To Illustrators Finding Their Style
Recently I did a little illustration Q&A on Instagram, and a few of the questions were about style. I've done a number of talks in Uni's and Colleges over the years, and I've had a lot of students contacting me with questions, and the question I get asked the most has always been about style. How do you find your style? Well, although I hardly feel qualified to answer, I always want to do what I can to help, and you never know when your words might resonate with someone, so here are my two cents.
When you look at the illustration world it’s hard to avoid style. Its pervasive, the reason people get hired. When you’re starting out it can also be completely overwhelming. When I first began my Illustration BA I found myself asking the same question, much like a child wonders how on earth you turn from a kid to an adult, I wondered how you go from someone who hasn’t got a clue what they’re doing to a full fledged professional with an ever illusive ‘style’. Like, do you just happen upon it one day? Do you just pluck it from thin air?
My teachers all told me the same thing – forget about it and just learn how to draw. I didn’t understand for a long time how on earth that would help, and I felt the same way everyone does at the beginning of a long ass journey. Frustrated. But I had no choice, so I drew. I drew people in life drawing classes, I drew people reading in the library, I drew people selling fruit at markets, I drew fishermen mending nets on a boat, I drew people waiting for trains, I drew people making cakes.
We went all over to all kinds of museums. I drew old rusting farm equipment, I drew ancient weaponry and armour, I drew beautiful combs and hand mirrors, I drew keys, I drew shrunken heads, I drew the patterns from pots and tapestries, I drew typewriters and clocks, and I drew animal after animal. I filled endless sketchbooks with awful drawings of anything I could find, not caring what they looked like and not caring about style, until one day I realised the drawings weren’t so awful anymore.
As well as drawing I tried every method of creating I had the facility to. I’ve drawn in pens and pencils, I’ve tried every kind of paint & ink, I’ve screen printed, mono-printed, made etching plates, I’ve worked on paper and on canvas, I’ve learned how to create art digitally with a tablet and an iPad. Watercolour was the first that really resonated with me, where I felt in control of my marks, and the first thing I felt really able to use to bring the ideas in my head to reality. Later I expended into gouache, I learned how to scan my paintings in and clean them up in Photoshop, and now my work is made from a combination of paint and digital work.
And through all this I never particularly chose a style, after all those years of work and experimentation my style was the result of this very long and personal journey I had taken. My style is me. It’s the colors I love, the shapes I’m drawn to, the subject matter I am inspired by, and the techniques that I mixed together. It changes, it evolves, I am always trying to learn new things and get better at what I do. Still, I see myself shining out of every new piece of work because it’s all a result of my own very personal creative process.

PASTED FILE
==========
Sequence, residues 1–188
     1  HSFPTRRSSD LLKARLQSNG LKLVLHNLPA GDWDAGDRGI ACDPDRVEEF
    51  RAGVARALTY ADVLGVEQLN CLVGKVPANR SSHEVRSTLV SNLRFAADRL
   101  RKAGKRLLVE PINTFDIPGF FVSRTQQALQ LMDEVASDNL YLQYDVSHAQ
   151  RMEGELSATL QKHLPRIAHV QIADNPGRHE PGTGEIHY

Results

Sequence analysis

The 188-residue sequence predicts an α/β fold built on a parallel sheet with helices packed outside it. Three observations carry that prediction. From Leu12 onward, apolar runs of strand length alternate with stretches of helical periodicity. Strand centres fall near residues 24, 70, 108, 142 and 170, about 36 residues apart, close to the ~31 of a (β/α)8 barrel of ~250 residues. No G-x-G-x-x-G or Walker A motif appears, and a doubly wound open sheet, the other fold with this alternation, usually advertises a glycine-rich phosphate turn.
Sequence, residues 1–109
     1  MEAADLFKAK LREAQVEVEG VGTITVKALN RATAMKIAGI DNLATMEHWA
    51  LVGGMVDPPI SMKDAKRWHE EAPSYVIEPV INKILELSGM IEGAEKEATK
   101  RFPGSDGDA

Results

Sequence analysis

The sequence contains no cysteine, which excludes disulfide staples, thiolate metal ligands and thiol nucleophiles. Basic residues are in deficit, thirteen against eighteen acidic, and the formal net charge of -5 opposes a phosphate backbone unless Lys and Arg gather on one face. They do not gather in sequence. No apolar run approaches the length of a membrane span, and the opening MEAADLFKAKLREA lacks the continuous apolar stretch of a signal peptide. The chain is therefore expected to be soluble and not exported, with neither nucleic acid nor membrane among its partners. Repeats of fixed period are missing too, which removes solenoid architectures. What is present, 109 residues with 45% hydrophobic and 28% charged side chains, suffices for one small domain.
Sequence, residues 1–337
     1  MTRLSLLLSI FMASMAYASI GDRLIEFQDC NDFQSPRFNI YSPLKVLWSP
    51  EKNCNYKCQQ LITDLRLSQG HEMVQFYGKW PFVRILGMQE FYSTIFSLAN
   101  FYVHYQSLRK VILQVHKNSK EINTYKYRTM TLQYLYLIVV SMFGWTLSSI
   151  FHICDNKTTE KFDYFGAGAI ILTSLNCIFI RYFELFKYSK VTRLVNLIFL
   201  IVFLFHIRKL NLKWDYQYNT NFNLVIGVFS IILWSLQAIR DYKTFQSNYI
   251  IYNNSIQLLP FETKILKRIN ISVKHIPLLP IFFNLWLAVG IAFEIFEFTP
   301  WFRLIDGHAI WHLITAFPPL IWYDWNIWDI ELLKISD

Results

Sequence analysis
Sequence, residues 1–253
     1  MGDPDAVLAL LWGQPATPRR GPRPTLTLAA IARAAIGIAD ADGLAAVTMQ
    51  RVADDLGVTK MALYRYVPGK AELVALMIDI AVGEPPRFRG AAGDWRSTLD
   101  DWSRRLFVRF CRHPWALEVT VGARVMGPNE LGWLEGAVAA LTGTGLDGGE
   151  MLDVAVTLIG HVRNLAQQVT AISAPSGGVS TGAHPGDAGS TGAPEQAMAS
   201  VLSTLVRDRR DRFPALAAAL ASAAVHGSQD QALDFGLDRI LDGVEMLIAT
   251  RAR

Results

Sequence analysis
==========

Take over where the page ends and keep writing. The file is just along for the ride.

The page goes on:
There is a tendency in the creative world to assume that people are naturally talented; that somehow they burst forth from their mothers womb, paintbrush in hand, able to paint a beautiful sunset over the mountains from their own imaginations. This attitude totally dismisses the YEARS of hard work that all of us had to go through to get where we are today. Art is just like anything else, you learn how to do it by grafting. People who are extremely ‘talented’ at what they do are often just the most obsessed. They are the people who eat, sleep and breathe it. It’s the same in almost every career, not just illustration.
There is no shortcut to finding a style. Much like musicians have to learn their scales, illustrators too need to learn the fundamentals of our craft. If you try to pick a style and emulate it then you’ll be selling yourself short. Like a chef who learns how to make really good eggs and nothing else, you will be boxing yourself in to only ever making eggs for the rest of your life. You will also always be ten steps behind the person you’re trying to be.
I think sometimes style can look like a choice because a lot of illustrators work can come across quite similar at first glance. But to me I think this is less because people are actively copying each other, and more because we all live in the same world. Lots of us live in the same or similar cultures as well, so we are all bound to admire the same colours, and to be inspired by the same things. I love nature, animals and flowers, I love blue and pink, I love pattern, and I love detail. I can think of tons of other illustrators who would probably say the same things. I can think of tons of other people who would say the same thing and maybe that’s why they like my work.
Illustration is visual storytelling; it’s a way to reflect the world back at itself from your own unique perspective. Every time you put pen or paintbrush to paper to draw something you’re making your own set of choices about every line and stroke, you’re putting your own feelings and emotion into it all, and it all comes as a result of everything you’ve tried and everything you’ve learned. That’s why people will connect with it. That’s why they’ll love it. That's how they'll know its you.
So that's the long and the short of it, in my humble opinion. It’s a long, frustrating and amazing journey. Enjoy every minute.